Inflation has made price escalation clauses a relevant topic. Yet many of these clauses fail to create a clean, straightforward understanding as to how the escalation will work.
A well-drafted price escalation clause should have the following five elements:
- Base price or pricing
- Index or indices used to measure price increases
- Frequency of adjustments permitted within a specific time period
- Issue resolution if an index or a figure within the index is discontinued
- After the adjustment is calculated, how the adjustment will be applied (a) with subsequent orders and (b) within the agreement (will the liability cap also be increased?)
Many business considerations need to be addressed within the five elements. In talking with business owners and other advisors, unfortunately only a narrow field of thought is applied to this multi-faceted issue. Likewise, parties fail to take advantage of opportunities to learn information that can be gathered through the use of this clause.
This is a basic list of questions to ask:
- How much cost-related information will be provided to the buyer?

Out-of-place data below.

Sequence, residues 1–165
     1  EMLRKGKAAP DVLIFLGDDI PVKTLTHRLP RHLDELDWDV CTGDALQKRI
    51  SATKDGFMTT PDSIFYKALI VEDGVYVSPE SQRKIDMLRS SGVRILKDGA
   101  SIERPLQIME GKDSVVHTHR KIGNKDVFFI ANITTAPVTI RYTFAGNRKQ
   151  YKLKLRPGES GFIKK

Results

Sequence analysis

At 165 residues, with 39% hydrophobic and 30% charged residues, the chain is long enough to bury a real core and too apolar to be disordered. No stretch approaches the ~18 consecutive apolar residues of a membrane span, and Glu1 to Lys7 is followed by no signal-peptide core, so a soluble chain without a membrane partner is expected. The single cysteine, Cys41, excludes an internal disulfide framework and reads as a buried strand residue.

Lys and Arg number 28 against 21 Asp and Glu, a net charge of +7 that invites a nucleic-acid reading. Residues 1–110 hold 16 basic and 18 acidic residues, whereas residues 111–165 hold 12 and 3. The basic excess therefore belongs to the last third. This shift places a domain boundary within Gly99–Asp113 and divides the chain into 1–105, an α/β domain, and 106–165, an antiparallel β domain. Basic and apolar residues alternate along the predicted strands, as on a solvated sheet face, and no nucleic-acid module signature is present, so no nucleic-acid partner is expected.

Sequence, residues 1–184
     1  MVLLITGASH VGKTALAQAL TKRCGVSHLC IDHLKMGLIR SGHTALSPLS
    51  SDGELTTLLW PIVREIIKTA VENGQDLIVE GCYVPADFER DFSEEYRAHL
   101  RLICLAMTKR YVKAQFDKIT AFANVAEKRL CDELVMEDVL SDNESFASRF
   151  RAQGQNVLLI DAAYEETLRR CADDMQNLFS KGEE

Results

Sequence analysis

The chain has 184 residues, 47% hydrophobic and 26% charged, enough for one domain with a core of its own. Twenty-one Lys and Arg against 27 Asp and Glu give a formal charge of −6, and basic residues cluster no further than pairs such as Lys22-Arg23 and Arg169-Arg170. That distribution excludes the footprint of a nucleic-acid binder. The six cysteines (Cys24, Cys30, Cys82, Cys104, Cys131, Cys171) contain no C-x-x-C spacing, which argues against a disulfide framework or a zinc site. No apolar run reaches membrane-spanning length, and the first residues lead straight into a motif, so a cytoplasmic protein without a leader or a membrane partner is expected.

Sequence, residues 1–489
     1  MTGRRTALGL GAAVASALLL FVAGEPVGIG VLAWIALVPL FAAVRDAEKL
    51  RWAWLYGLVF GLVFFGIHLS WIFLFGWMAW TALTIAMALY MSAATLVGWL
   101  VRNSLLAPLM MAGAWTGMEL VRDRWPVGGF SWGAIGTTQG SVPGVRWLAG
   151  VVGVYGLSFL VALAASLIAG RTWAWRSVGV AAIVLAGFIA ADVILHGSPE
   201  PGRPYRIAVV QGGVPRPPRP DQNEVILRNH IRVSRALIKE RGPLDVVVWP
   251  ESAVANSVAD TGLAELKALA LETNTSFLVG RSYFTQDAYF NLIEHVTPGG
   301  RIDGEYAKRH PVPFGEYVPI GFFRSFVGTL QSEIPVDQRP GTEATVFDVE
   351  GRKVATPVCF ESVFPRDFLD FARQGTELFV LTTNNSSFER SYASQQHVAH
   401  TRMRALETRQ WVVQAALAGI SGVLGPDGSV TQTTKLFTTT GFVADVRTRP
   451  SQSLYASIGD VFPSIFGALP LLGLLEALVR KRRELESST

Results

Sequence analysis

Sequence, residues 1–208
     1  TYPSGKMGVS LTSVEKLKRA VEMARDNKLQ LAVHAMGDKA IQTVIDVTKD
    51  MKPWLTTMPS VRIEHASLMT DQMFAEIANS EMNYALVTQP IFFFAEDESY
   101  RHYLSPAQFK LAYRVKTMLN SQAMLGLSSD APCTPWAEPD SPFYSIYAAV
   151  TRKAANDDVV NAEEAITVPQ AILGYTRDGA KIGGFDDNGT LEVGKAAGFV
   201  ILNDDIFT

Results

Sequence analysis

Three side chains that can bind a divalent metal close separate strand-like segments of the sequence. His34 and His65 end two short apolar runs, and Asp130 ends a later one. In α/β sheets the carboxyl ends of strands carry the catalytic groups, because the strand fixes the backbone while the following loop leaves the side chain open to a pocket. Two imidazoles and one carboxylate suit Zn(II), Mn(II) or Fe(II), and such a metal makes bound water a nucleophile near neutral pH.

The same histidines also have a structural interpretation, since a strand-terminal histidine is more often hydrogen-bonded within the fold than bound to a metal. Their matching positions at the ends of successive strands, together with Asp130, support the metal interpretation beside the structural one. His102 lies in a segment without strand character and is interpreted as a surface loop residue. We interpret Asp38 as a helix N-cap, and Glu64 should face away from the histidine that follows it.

- For sellers, what is your relationship to the buyer? Is it worth losing money for a short period of time to keep a particular customer? In the contrapositive, do you want to lose a particular customer or increase pricing to make keeping the customer worthwhile?
- What level of mitigation efforts must be undertaken? Should the seller be required to share proof it tried to mitigate the price increase?
- What will the interplay be between the price escalation and force majeure clauses?
- Should markups for overhead and profit margin maintenance be included in a price increase?
- Will the price increase be capped? If so, what is the maximum reasonable increase?
- If prices can increase, what about a price decrease?
- What are the mechanics of implementing the price increase?
Only business savvy attorneys who have strong relationships with their clients can maximize the benefits of this contract provision.
David Seidman is the principal and founder of Seidman Law Group, LLC. He serves as outside general counsel for companies, which requires him to consider a diverse range of corporate, dispute resolution and avoidance, contract drafting and negotiation, real estate, and other issues. He can be reached at email@example.com or 312-399-7390.
This blog post is not legal advice. Please consult an experienced attorney to assist with your legal issues.